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Friday, July 09, 2004

Senate Intelligence Report

The Senate Intelligence Committee Report was issued today. I haven't read it yet, though that is readily explained since it runs 511 pages according to Senator Jay Rockefeller. Think about that in the next day or two as you hear and see politicians and talking heads pontificating about it.

I sent an email to Senator McConnell's office in hopes of receiving a paper copy.

Also, I did read through the transcript of the news conference that featured Rockefeller and Committee Chair Pat Roberts of Kansas.

The Republican began the proceedings and he was quite critical about the October 2002 NIE that helped justify war against Iraq.
Obviously, while it is too large for either one of us to summarize, I can point out some of the highlights.

First of all, most of the key judgments in the October 2002 national intelligence estimate on Iraq’s WMD programs were either overstated or were not supported by the raw intelligence reporting.

Here are some examples of statements from the key judgments.

ROBERTS: "Iraq is reconstituting its nuclear program. Iraq has chemical and biological weapons. Iraq was developing an unmanned aerial vehicle, a UAV, probably intended to deliver biological warfare agents. And all key aspects, research and development and production, of Iraq’s offensive biological weapons program are active, and that most elements are larger and more advanced than they were before the Gulf War."

Now, these are very emphatic statements. Simply put, they were not supported by the intelligence which the community supplied to the committee, and they should not have been included in the NIE.

Second, in the committee’s view, the intelligence community did not accurately or adequately explain the uncertainties behind the judgments in the October 2002 national intelligence estimate to policy-makers, both in the executive branch and here on Capitol Hill.
Those are powerful charges.

Roberts previously stated that the Iraq resolution might not have cleared the Congress if the intelligence had been accurate. Rockefeller said the same thing (more forcefully) in today's new conference.

A lot of the other conclusions pertain to the intelligence-gathering process and to the analysis of that intell.

The Republican Senator also defended the Bush administration:
Finally, the committee found no evidence that the intelligence community’s mischaracterization or exaggeration of intelligence on Iraq’s weapons of mass destruction capabilities was the result of politics or pressure.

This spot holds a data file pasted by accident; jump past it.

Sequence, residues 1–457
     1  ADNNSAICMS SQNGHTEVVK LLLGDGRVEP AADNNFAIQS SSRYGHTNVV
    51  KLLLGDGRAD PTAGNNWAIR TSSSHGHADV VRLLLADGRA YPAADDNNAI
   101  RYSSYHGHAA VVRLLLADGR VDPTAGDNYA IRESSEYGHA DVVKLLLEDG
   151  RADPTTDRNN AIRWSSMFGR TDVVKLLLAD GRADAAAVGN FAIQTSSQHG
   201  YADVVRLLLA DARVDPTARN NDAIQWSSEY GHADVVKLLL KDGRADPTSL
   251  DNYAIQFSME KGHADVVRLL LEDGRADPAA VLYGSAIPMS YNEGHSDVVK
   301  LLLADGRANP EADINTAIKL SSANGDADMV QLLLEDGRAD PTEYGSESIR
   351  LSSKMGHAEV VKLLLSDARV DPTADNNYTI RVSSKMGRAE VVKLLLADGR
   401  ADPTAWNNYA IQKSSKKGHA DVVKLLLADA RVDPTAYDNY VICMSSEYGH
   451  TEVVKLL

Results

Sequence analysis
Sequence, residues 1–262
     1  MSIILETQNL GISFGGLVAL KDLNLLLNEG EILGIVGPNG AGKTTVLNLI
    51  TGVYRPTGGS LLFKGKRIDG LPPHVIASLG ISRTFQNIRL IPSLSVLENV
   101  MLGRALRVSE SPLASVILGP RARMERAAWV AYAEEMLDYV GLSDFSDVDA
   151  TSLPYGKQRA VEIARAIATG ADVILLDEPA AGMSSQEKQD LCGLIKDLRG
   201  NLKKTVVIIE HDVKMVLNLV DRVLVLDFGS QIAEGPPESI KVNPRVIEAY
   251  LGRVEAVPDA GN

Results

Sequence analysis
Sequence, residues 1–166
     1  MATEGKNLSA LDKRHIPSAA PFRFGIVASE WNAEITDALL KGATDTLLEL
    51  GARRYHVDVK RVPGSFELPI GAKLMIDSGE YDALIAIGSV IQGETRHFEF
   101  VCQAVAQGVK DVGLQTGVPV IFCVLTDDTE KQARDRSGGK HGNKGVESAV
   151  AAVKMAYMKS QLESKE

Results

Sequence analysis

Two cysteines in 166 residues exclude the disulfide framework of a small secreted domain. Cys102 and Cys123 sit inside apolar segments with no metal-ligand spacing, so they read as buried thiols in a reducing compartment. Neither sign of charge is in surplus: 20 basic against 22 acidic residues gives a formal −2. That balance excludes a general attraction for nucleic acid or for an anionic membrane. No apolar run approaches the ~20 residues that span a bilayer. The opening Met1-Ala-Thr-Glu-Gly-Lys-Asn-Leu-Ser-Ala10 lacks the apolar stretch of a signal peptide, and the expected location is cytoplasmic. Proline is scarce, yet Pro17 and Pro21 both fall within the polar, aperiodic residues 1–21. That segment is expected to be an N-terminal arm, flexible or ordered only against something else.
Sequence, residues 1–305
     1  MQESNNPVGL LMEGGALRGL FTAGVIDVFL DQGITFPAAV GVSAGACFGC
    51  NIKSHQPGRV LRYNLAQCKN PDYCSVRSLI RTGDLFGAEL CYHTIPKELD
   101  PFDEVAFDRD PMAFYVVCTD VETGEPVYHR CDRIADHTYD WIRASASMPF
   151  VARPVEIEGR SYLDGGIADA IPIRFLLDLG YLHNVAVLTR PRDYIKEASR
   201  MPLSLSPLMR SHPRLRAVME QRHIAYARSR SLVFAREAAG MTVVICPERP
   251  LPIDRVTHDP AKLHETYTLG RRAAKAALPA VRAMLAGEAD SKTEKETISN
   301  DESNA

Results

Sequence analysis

Rockefeller directly challenged this claim, so that was not a bipartisan finding even though the Committee accepted the report unanimously.

Rockefeller notes that there were areas of disagreement -- "especially on the question of whether the administration pressured the intelligence community to reach predetermined, in my judgment, conclusions."

Bluntly, the Committee didn't even consider the way the intell was used:
I have to say, that there is a real frustration over what is not in this report, and I don’t think was mentioned in Chairman Roberts’ statement, and that is about the -- after the analysts and the intelligence community produced an intelligence product, how is it then shaped or used or misused by the policy-makers?

...So again there’s genuine frustration -- and Chairman Roberts and I have discussed this many times -- that virtually everything that has to do with the administration has been relegated to phase two.
Though he calls for doing this evaluation ASAP, does anyone believe it will occur before November?

Actually, it has been widely reported that they have no intention of releasing the second report before November.

Roberts notes that the intelligence community's assessment of Iraq-terror connections were accurate, but Rockefeller puts a very different spin on that claim:
Our report found that the intelligence community’s judgments were right on Iraq’s ties to terrorists, which is another way of saying that the administration’s conclusions were wrong, and that is of the relationship -- formal relationship, however you want to describe it, between Iraq and Al Qaida, and no evidence existed of Iraq’s complicity or assistance in Al Qaida’s terrorist attacks, including 9/11, which, through the device of Mohammed Atta and others, the debate continues almost up until two months ago, at least on the part of the vice president.
Will the American people continue to buy the administration's assertions, which now boil down to "the absence of evidence isn't the evidence of absense"?

Rockefeller also points to a juicy tidbit about the now-defunct Office of Special Plans:
We’ve done a little bit of work on the number three guy in the Defense Department, Douglas Feith, part of his alleged efforts to run intelligence past the intelligence community altogether, his relationship with the INC and Chalabi, who was very much in favor with the administration wanting them to come on in. And was he running a private intelligence failure, which is not lawful.
Not lawful.

Here's Rockefeller's devastating but not unexpected conclusion:
Let me just finish by saying, again, an emphasis on this relentless public campaign prior to the war, which repeatedly characterized the Iraqi weapons program in more ominous and threatening terms than any intelligence would have allowed. In short, we went to war in Iraq based on false claims.
Given recent poll findings, the public now understands this too.

I predict a long, hot summer in Washington.

Update: Kathy at Random Thoughts has a nice bullet-point summary of the Report's key findings.

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